‘All In The Family’ star Jean Stapleton dies at age 90

Jean Stapleton, the long-suffering Edith Bunker on  the landmark television series of the 1970s, “All in the Family,” has died at 90  of natural causes.

Stapleton, born Jeanne Murray, worked on stage and in film, but was by  far best known for her signature wail of “Aaaaaaaaarchie!” on Norman Lear’s iconic  show about the working class family of Archie Bunker, played by Carroll  O’Connor. She won three Emmys and two Golden Globes for her portrayal of Edith.

The shrill-voiced, big-hearted Edith, affectionately referred to by  O’Connor’s Archie Bunker as “dingbat,” became synonymous with the actress on a  show than ran for nine seasons and had more than 200 episodes.

Sally  Struthers played her daughter on the cusp of the women’s liberation movement  while Edith represented the homespun values of wife and mother, effacing herself  for the greater good of her family. But Lear’s social message about a changing  American society shone through Archie’s abuse toward Edith, and Edith’s  acceptance of her subordinate role.

She won the role of Edith Bunker on “All in the Family” (1971) when creator Norman Lear saw her perform in “Damn Yankees” on Broadway.

It was a role she eventually outgrew. Her character was written out of the  “All in the Family” follow-up “Archie’s Place” after a single season. For good  measure, the show’s writers killed her off, explaining she died from a  stroke.

Years later, while appearing with O’Connor on “The Donny and Marie Show” in  2000 she refused to reprise her signature voice, saying “I only do it for  pay.”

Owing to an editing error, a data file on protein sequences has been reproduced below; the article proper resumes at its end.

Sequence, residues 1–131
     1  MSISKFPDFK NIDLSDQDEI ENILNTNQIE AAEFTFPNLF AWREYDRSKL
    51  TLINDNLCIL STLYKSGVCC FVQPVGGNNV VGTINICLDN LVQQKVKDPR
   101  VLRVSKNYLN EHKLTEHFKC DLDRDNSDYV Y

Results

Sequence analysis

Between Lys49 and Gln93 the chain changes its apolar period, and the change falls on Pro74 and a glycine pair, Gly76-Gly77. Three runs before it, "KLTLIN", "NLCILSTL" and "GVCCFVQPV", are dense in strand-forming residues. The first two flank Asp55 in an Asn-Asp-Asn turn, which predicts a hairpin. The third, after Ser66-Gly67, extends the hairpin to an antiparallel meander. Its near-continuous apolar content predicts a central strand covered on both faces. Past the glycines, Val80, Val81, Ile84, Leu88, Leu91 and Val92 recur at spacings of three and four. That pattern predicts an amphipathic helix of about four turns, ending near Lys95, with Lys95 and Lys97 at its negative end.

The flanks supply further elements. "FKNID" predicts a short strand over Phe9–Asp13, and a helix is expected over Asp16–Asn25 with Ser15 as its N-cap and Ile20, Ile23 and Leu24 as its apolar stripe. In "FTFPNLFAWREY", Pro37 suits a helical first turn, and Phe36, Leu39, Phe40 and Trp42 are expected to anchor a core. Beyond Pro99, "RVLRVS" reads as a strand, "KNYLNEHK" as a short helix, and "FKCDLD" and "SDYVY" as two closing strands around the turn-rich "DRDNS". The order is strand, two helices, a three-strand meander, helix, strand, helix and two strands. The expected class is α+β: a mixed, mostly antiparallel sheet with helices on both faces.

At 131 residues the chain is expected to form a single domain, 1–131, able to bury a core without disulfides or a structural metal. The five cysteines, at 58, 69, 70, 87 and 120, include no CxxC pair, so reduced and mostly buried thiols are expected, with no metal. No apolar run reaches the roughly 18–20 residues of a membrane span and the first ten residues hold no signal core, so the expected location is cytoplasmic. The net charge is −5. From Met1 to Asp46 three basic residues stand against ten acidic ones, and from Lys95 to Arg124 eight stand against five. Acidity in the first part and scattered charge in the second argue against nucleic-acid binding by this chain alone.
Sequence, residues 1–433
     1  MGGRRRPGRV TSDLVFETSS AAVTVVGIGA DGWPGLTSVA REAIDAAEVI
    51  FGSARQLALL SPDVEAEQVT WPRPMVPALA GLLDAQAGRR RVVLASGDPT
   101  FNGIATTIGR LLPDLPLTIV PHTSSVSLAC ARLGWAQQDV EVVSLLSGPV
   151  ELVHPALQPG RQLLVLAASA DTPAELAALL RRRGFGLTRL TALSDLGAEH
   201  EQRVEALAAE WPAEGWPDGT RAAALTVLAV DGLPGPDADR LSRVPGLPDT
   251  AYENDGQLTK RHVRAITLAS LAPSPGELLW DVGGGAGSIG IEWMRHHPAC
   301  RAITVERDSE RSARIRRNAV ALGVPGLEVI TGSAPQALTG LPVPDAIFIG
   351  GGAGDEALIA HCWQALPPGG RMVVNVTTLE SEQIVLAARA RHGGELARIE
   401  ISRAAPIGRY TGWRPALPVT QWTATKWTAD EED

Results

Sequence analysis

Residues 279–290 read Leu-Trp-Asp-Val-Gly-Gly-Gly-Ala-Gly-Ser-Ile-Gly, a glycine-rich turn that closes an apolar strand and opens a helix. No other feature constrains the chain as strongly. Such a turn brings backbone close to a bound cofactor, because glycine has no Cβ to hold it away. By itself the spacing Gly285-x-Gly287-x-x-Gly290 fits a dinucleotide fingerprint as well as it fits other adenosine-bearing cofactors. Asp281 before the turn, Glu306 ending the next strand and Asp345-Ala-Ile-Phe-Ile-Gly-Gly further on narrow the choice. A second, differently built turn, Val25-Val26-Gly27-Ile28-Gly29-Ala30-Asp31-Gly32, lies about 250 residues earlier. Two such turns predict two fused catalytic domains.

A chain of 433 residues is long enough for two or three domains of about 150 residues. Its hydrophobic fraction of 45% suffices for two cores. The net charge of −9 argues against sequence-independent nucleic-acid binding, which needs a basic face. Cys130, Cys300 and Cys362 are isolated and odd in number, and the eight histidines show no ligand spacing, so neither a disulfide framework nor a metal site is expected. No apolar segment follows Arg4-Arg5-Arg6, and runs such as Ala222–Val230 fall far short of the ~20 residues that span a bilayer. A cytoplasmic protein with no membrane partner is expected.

In addition to her small screen work, Stapleton was an accomplished stage  actress, performing in such notable Broadway shows as “Funny Girl,” “Damn  Yankees” and “Bells Are Ringing.” She also found herself in films  like “You’ve Got  Mail” and “Michael” and on programs like “Everybody Loves Raymond.”

Stapleton would win three Emmys and two Golden Globe awards for her “All in  the Family” work and the fame that came with the role would lead to guest  appearances on shows like “The Muppet Show” and The Carole Burnett Show.”

William Putch, Stapleton’s husband of 30 years, died in 1983. She is survived  by their two children, the actor and director John Putch and the actress Pamela  Putch.

Short Bio:

Cousin of Betty Jane Watson. Other relatives in show business were her uncle Joseph E. Deming, a vaudevillian; and her brother Jack Stapleton, a stage actor. Her parents were Joseph E. Murray (a billboard advertising salesman) and Marie Stapleton Murray (a singer). Graduated from Wadleigh High School, NYC, 1939; attended Hunter College. Worked as a secretary before becoming an actress. Made her stage debut at the Greenwood Playhouse, Peaks Island, Maine, in the summer of 1941. Made her New York stage debut in “The Corn Is Green” (1948).

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